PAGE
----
• Kinases --> phosphorylation
  • Phosphatases --> dephosphorylation
  • Ligand binding to the receptor leads to dimerisation. The association of the two intracellular kinase domains allows mutual autophosphorylation of intracellular tyrosin residues
  • The phosphorylated tyrosine residues are then high-affinity docking sites for other intracellular proteins that form the next stage in the signal transduction cascade
  • Examples of such proteins include the SH2 domain proteins that recognise phosphotyrosine residues on the receptor.
  • Individual SH2 domain proteins bind selectively to particular receptors, so the events triggered by particular growth factors is highly specific
  • The end result is to activate or inhibit, by phosphorylation, a variety of transcription factors that migrate to the nucleus and suppress or induce the expression of particular genes

Examples of kinase-linked signal transduction pathways

  1. Ras/Raf pathway
    • Mediates the effect of growth factors and mitogens
    • Ras functions like a G-protein and convets the signal (by GDP/GTP exchange) from the SH2 domain protein Grb, which is phosphorylated by RTK
    • Active Ras then activates Raf, which is the first of a sequence of three serine/threonine kinases, each of which phosphorylates and activates the next in line
    • The last of these kinases is mitogen-activated protein (MAP) kinase. MAP kinases phosphorylates transcription factors that initiate gene expression, resulting cellular responses (e.g. cell division)
  2. Jak/Stat pathway (above diagram)
    • Involved in responses to many cytokines
    • Cytokine binds, causing dimerisation of the receptors
    • This attracts Jak (a cytosolic tyrosine kinase unit) to phosphorylate the receptor dimmer
    • Some Jaks have Stats (a family of transcription factors) as their targets.
    • Stats are SH2 domain proteins that bind to the phosphotyrosine groups on the receptor-Jak complex and are phosphorylated and activated.
    • Active Stat migrates to the nucleus and activates gene expression

Type 4: Nuclear receptors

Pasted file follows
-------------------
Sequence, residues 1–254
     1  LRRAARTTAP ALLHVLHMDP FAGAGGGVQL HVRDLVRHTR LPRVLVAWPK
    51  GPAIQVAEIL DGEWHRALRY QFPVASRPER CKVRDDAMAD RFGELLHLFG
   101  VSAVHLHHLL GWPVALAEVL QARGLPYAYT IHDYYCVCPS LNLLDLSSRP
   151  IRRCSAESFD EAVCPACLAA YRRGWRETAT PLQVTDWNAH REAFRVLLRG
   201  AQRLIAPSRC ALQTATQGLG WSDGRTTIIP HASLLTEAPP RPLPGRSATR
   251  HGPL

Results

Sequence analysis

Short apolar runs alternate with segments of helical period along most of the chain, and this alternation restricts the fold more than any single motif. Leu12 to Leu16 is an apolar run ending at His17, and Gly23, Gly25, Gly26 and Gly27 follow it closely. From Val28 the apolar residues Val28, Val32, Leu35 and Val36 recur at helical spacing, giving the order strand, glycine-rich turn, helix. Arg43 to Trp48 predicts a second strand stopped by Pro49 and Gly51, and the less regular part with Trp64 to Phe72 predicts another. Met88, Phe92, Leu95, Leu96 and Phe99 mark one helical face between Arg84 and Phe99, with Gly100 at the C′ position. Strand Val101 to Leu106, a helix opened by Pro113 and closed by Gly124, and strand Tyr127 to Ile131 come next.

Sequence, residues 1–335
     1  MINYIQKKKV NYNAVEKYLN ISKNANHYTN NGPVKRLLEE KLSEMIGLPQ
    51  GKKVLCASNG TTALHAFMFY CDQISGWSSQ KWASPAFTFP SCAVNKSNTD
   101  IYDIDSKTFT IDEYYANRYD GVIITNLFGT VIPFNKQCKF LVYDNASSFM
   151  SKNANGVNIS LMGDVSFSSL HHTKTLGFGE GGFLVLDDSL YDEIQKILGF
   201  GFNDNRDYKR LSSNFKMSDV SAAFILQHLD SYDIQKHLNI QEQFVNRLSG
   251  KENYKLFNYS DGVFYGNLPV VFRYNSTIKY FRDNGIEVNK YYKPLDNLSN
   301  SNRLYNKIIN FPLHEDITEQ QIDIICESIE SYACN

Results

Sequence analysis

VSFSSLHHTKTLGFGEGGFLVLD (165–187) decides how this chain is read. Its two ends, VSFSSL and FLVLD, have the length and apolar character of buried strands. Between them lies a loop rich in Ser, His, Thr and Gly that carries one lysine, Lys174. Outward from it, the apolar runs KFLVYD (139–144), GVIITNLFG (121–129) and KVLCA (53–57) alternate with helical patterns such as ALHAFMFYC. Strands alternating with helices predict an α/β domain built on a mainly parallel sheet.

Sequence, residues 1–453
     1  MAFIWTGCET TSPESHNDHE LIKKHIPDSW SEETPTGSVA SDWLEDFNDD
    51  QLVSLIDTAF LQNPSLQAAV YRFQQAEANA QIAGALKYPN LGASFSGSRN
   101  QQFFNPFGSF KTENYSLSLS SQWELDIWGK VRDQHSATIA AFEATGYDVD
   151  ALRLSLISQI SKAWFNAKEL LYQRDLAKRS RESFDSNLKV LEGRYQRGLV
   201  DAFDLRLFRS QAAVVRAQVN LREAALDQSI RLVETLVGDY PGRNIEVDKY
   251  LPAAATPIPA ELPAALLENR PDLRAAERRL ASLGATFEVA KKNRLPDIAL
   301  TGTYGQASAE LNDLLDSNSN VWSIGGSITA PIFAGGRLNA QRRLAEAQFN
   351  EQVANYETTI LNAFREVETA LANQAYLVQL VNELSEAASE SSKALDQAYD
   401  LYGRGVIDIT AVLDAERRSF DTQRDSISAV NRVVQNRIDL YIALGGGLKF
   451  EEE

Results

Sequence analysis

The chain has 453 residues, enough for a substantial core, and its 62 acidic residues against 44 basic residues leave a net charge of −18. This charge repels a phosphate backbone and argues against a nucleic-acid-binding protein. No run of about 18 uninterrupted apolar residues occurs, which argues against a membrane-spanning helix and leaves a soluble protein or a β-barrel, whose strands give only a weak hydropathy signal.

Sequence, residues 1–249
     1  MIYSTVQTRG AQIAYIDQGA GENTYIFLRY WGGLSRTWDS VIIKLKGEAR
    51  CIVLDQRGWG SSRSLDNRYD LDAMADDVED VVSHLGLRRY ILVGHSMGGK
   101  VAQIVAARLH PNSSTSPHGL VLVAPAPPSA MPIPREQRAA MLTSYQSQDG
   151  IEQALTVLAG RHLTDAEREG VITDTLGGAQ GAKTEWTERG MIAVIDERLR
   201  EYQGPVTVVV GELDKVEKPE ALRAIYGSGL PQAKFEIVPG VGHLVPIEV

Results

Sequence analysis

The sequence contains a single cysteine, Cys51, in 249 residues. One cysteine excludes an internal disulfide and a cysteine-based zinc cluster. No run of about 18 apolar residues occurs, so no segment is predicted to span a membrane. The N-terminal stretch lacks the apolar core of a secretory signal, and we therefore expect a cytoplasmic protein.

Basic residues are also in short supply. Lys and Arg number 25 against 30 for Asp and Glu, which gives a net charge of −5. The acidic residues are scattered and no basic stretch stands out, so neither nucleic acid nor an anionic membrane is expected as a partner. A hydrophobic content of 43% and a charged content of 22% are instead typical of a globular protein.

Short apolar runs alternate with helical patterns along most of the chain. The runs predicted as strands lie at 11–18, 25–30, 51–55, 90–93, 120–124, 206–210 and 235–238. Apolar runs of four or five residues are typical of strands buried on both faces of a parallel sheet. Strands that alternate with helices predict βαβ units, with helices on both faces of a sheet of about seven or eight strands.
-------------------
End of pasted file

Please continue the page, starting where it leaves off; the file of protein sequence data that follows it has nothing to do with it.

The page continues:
• Receptors that regulate gene transciption
  • Some are in the cytosol but migrate to the nucleus when a ligand is present
  • Include receptors for steroid hormones (e.g. oestrogen and gluccocorticoids), thyroid hormone and other agents such as retinoic acid and vitamin D. Important in endocrine signalling and metabolic regulation
  • Nuclear receptors are ligand-activated transcription factors that transduce signals by modifying gene expression
  • Not embedded in membranes, but are present in the soluble phase of the cell
  • Different behaviours once activated:
    • Some (such as steroid receptors) become mobile in the presence of their ligand and can translocate from the cytoplasm to the nucleus
    • Others such as the RXR remain in the nuclear compartment
  • Many act as lipid sensors and regulate lipid metabolism within the cell (link between our dietary and metabolic status and the expression of genes that regulate the metabolism and deposition of lipids)
  • Structure of nuclear receptors
    • Four modules
    • N-terminal domain
      • Most heterogeneous
      • Has the AF1 site that binds to other cell-specific transcription factors (ligand-independent) and modifies the binding or activity of the receptor
    • Core domain
      • Highly conserved
      • Structure responsible for DNA recognition and binding
      • Contains two zinc fingers: cysteine-rich loops in the amino acid chain that are held in a particular conformation by zinc ions. They recognise and bind the hormone response elements located in genes that are sensitive to regulation by this family of receptors
    • Hinge region
      • Highly flexible
      • Allows it to dimerise with other nuclear receptors and to exhibit DNA binding in a variety of configurations
    • C-terminal domain
      • Ligand-binding module and is specific to each class of receptor
      • AF2 region: is highly-conserved and is important in ligand-dependent activation

Classification of nuclear receptors

  • The nuclear receptor superfamily contains
    • Two main classes